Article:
“I had lost everything I had when I was almost 30,” Myers says. He recalls going through a big partying phase and drug binge, which led him to a second trip to the ICU. “This time they told me there wasn’t that high of a chance for me to get better,” he says. After making it out of the hospital, he moved in with his sister Susan and her three children in Tennessee. “My sister taking care of me changed the game,” he says. “It was jail, but in a good way.”
After a whole year at his sister’s place, Myers decided to move to New York City in 2011 to reconnect with his older brother Kip. Once there, Myers continued to lead a healthy lifestyle by practicing Kundalini yoga for three to four hours a day. “People that have had drug issues or big time emotional problems do Kundalini,” he says. “It’s kind of a rehab program, in a way.”
Soon after, Myers made his way back into the fitness world, jumping from gym to gym as his pool of clients began to grow.
After meeting Hugh Jackman, The Dogpound was born.
Myers was training up to 30 clients at Gotham Gym when one of those clients introduced him to actor Hugh Jackman.
“The first time I trained him, he brought two friends—one was Tom Farley, the president of the New York Stock Exchange, and the other one was actually his bodyguard,” he says. The group quickly began to outgrow the space at Gotham Gym, so Myers decided to open up his own place. Jackman brought his dog to his workouts—and The Dogpound was born.
The Victoria’s Secret models have become a part of The Dogpound brand.
"The Victoria's Secret girls are super inspiring to train because they work so hard and smash every single workout," Myers says. "Most of the girls are super positive and bring an amazing energy to the gym."
How did he meet his first Angel? Myers says celebrity hairstylist Marty Harper introduced him to model Jasmine Tookes. Harper told Myers that Tookes had heard about the Dogpound and really wanted to try it out. Tookes came into the gym and soon recommended it to several of the other models. The rest is Instagram history.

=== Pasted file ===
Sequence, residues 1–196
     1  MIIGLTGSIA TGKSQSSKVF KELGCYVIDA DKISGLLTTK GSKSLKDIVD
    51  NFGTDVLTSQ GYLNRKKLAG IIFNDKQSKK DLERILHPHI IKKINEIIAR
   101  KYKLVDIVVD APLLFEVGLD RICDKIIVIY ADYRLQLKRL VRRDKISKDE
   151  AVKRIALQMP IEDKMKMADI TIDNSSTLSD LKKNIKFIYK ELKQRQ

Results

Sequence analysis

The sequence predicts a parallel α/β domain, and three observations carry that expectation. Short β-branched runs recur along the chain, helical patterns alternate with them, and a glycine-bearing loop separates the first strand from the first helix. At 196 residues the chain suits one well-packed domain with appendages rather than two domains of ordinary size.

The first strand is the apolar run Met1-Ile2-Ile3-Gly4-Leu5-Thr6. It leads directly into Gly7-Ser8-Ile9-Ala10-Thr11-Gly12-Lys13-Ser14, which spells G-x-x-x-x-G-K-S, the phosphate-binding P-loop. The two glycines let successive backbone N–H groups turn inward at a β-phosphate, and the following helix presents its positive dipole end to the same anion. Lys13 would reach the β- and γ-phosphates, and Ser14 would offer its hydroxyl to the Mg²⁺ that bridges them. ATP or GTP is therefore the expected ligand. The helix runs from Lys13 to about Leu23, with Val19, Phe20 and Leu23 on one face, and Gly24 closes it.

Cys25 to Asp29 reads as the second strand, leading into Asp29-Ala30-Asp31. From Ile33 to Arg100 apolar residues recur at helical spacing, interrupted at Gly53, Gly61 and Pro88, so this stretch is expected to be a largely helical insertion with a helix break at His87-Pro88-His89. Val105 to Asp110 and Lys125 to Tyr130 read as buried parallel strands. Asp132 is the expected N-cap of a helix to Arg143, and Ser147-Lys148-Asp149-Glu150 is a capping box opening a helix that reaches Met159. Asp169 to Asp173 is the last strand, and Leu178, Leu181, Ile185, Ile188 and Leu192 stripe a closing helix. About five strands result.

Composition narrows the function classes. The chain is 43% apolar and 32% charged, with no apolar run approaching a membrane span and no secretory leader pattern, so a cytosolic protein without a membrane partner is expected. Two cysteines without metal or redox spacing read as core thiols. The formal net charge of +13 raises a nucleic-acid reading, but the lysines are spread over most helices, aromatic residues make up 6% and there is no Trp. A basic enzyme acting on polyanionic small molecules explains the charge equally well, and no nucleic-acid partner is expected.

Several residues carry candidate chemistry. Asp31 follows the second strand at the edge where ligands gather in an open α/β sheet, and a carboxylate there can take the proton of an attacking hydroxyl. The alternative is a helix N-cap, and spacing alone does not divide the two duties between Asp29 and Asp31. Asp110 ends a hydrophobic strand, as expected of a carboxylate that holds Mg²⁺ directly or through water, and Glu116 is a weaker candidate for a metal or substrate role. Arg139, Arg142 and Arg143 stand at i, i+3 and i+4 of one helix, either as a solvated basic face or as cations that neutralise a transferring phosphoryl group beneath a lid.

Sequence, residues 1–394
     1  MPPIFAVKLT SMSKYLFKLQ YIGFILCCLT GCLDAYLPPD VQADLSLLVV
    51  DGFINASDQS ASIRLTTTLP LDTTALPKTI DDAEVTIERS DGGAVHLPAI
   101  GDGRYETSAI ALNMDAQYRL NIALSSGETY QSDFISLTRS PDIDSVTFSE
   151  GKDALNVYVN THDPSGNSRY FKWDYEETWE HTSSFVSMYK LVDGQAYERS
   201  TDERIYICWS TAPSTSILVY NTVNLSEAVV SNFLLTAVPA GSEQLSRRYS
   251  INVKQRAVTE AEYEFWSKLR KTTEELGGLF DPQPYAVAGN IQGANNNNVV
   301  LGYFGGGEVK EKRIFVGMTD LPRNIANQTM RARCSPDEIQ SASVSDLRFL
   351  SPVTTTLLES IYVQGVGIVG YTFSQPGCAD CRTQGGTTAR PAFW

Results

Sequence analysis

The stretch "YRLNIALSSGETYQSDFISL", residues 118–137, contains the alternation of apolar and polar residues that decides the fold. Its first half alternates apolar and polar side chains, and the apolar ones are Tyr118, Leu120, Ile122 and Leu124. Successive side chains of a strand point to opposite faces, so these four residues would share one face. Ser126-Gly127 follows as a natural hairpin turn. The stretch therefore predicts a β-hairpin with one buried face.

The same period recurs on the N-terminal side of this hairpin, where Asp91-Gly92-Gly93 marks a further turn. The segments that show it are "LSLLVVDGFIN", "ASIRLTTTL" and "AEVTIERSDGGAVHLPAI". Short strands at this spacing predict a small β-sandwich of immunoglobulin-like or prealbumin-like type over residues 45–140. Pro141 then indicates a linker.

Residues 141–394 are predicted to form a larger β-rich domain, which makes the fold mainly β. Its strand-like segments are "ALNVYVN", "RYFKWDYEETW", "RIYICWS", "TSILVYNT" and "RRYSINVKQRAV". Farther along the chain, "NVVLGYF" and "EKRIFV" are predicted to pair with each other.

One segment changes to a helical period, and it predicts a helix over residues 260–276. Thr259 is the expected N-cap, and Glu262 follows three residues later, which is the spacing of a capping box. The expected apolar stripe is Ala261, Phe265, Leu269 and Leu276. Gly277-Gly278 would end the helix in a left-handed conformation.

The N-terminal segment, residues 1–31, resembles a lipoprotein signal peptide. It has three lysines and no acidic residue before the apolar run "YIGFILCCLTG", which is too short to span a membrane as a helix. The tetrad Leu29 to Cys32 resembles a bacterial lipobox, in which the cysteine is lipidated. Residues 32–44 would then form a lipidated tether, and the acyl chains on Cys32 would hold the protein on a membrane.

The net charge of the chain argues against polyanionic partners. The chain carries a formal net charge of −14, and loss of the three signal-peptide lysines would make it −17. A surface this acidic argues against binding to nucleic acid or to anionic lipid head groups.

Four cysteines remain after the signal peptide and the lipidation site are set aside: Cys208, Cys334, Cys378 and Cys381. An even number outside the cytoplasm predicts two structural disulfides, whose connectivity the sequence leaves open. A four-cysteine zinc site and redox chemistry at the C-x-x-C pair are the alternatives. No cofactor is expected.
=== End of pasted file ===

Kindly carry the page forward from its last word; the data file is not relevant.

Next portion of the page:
For many, Myers has become a confidant and friend. "In general, these people who are in the public eye, they sometimes feel the pressure, and you have to be there to remind them to stay positive," he says.
His heart condition improved significantly and his business is better than ever.
These days, Myers says he finds himself coming across a new set of challenges as he tries to balance a healthy lifestyle and a successful business. “I honestly think I broke the world record for most training sessions this year,” says Myers. “It’s grown so much."
He stays fit by weight training different body parts each day and speed walking for quick cardio workouts with his fellow trainers at the Dogpound every night. His meals now consist of egg whites, avocado, salmon, asparagus, and protein shakes.
Myers also has attributes much of his health success to yoga. "I’m a big believer in Kundalini and positive vibrations—it actually had completely reversed [my heart condition]," he says. "The size of my heart has changed. It isn’t enlarged."
And although the now 38-year-old admits he has his hands full, the ambitious businessman says an expansion is definitely part of the bigger picture; it’s just a matter of when. “We’ve considered L.A., but if we’re going to do it, we want to do it just right."
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I’m Eileen, the digital news reporter at Hearst Digital Media. As a member of the newsroom, I report on a wide range of news, including entertainment, politics and lifestyle. I also cover red carpet events for over 20 of Hearst's magazine brands. I previously held positions at CNN, Facebook and MTV, where I worked as a digital producer, writer and on-camera host. Fun facts: I'm fluent in Spanish, a BU alum, and love fashion and travel.